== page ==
October 12, 2001 |
A self-proclaimed "financial astrologist" and 20 others swindled investors in four companies out of more than $30 million, the Securities and Exchange Commission said in lawsuits filed Thursday. At the center of the alleged schemes is stock promoter Edward Durante, who used offshore companies he controlled to manipulate penny stocks, the SEC said.
April 17, 2001 |
Former penny-stock tycoon Robert E. Brennan was convicted of bankruptcy fraud after a monthlong trial in Trenton, N.J., and could face six to 10 years in federal prison. Brennan, 57, was convicted on seven of 13 counts. A hearing is set for today to determine whether he will remain free on bail pending sentencing.
October 30, 2000 |
By his own admission, Jordan Belfort may have set the standard for greed and sleaze in the world of boiler-room brokerages. Belfort estimates he cheated investors out of as much as $200 million in the early 1990s. He spent his $55-million profit on a 166-foot yacht--which sank--a $175,000 sports car, prostitutes, gambling sprees and drugs for his gaggle of Gen-X pitchmen. Belfort and his partners, he said, "lied to customers. We lied to government when being investigated. We lied to each other."
September 21, 2000 |
A New Jersey teenager has agreed to repay $285,000 that stock regulators said he made when he was 14 by manipulating stocks via the Internet. The Securities and Exchange Commission said Wednesday that Jonathan G. Lebed bought large blocks of penny stocks, hyped them on financial message boards and then dumped his shares after the price rose.
September 7, 2000 |
Two Southern California residents were among 33 companies and individuals accused by the Securities and Exchange Commission on Wednesday of fraudulently using the Internet to make more than $10 million in illegal profits by driving up the prices of more than 70 small stocks. SEC officials said this latest round of 11 civil fraud lawsuits seeks to curb increasing use of Internet chat rooms, Web sites, and e-mail messages to try to hype small, thinly traded stocks for a profit.
April 21, 2000 |
The stock market's brutal sell-off in the last month has saddled some battered "dot-com" companies with an ironic new problem: On top of their many other worries, the fact that their stocks have sunk to such low levels may itself keep the share prices from rebounding. A large number of Internet shares have tumbled to "penny-stock" status of $5 or less--a level at which institutions such as mutual funds won't even consider buying them.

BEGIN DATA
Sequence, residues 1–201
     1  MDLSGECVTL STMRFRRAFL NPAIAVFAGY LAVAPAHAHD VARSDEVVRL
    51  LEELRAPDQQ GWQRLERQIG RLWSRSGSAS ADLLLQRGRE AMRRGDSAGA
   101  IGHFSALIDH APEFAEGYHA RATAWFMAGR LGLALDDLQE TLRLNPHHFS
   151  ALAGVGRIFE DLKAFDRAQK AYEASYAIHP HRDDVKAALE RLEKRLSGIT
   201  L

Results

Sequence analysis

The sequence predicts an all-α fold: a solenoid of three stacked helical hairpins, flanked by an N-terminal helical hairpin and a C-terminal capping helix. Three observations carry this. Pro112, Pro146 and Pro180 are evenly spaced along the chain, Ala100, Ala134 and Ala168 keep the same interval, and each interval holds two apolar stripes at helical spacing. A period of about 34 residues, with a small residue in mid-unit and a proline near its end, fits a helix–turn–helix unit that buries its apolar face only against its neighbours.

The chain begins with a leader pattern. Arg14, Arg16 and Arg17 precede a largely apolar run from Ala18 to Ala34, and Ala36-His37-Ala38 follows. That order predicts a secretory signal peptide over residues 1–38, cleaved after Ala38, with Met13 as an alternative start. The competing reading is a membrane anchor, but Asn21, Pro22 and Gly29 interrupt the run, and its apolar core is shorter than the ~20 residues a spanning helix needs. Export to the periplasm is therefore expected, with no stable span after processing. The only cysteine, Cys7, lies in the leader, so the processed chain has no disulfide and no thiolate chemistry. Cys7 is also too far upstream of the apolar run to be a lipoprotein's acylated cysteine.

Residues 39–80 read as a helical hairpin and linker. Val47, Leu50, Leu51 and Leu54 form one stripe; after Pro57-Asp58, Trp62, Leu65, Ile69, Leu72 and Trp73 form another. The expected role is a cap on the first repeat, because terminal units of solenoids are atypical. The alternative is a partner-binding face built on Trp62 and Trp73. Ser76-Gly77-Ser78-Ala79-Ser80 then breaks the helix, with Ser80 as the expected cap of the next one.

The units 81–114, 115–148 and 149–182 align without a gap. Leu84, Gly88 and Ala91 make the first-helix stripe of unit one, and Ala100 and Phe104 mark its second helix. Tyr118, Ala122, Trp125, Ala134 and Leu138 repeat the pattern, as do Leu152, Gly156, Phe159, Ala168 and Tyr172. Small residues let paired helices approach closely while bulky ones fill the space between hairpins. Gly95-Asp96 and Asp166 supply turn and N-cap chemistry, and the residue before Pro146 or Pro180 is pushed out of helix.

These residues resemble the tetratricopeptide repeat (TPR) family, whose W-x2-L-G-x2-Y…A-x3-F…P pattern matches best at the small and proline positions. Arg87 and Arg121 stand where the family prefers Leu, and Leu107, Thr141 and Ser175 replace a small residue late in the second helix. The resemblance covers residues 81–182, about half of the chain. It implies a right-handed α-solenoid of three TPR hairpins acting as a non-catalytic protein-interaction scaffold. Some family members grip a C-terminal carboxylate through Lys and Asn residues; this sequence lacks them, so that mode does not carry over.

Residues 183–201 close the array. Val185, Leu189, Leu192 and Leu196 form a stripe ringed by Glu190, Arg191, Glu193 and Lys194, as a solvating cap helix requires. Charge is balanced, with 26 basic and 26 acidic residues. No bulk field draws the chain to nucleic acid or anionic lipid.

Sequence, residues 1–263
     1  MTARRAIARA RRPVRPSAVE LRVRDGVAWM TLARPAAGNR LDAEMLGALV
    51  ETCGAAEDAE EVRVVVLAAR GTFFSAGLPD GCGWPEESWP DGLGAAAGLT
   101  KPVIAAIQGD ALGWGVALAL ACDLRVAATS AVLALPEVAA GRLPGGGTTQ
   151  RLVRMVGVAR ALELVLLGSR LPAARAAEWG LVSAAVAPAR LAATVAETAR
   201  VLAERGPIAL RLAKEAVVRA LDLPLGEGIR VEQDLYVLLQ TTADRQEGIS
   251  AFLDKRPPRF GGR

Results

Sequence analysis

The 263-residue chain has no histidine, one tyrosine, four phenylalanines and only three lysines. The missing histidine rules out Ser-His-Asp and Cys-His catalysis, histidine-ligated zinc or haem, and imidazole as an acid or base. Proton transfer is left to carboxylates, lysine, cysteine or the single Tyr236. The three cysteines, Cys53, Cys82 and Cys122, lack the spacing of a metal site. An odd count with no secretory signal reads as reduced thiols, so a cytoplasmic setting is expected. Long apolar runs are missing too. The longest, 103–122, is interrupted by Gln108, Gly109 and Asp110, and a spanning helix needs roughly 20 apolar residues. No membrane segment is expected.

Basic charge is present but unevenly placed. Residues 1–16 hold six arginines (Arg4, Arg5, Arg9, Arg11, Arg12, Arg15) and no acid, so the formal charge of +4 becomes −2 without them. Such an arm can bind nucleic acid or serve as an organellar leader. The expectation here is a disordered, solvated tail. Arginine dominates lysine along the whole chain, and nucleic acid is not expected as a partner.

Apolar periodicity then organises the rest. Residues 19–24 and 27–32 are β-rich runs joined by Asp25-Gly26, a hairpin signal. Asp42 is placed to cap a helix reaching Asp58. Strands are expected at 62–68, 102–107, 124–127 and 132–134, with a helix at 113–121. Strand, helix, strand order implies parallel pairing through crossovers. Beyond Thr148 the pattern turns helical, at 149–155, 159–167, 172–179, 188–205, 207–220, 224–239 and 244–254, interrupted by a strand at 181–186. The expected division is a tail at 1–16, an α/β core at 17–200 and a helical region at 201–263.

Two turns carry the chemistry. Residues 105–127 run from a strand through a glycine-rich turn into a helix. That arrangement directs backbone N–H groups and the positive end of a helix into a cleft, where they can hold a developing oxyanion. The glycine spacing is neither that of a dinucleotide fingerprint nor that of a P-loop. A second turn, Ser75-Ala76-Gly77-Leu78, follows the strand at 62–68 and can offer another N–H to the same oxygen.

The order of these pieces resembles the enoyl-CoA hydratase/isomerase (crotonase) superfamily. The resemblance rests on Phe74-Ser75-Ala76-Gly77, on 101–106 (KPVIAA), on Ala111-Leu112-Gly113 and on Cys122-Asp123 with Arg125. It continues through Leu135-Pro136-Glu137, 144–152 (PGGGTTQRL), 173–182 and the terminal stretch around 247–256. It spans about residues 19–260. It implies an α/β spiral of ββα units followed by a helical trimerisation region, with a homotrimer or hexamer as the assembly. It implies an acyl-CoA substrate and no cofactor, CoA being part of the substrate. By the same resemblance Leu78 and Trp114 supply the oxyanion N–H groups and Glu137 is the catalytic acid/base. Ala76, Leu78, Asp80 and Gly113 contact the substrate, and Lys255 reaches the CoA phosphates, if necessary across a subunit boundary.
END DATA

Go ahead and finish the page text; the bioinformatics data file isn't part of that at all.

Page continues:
February 25, 2000 |
Two men exploited "the dark side of the Internet" when they made more than $1 million by driving up the value of penny stocks with a flood of e-mails disguised as if they had been sent by America Online Inc., a prosecutor alleged Thursday. U.S. Atty. Mary Jo White announced the securities fraud charges against James Sheret Jr. of Queens, N.Y., and Glenn Conley of Gaston, Ore., in connection with a nationwide, Internet-based scheme involving about 60 companies.
CALIFORNIA | LOCAL
January 11, 2000 |
They're not exactly "Pennies from Heaven," but penny stocks accounted for some of the fastest-rising prices among shares of San Fernando Valley-based public companies in 1999. Ranging from cutting-edge technology firms to mundane businesses such as restaurants and oil refiners, penny stock companies based in the Valley run the gamut from growing start-ups to long-established enterprises.
August 9, 1999 |
Three weeks of devastating losses have demoralized even some of the hardiest players in the Internet stock arena--from share-option-laden Silicon Valley workers to Middle American day traders to veteran Wall Street money managers. With that backdrop, this week may bring the biggest test yet for the Net stocks mania that has kept investors transfixed for much of the last year.
May 20, 1999 |
The Securities and Exchange Commission can't permanently bar an individual from trading penny stocks for allegedly engaging in fraud before a 1990 federal securities reform law took effect, a federal appellate court ruled Wednesday. The ruling stems from the SEC's 1995 attempt to bar over-the-counter securities dealer Russell Koch from participating in the offer of any penny stock after he allegedly provided materially false and misleading information about a company called Unifirst Corp.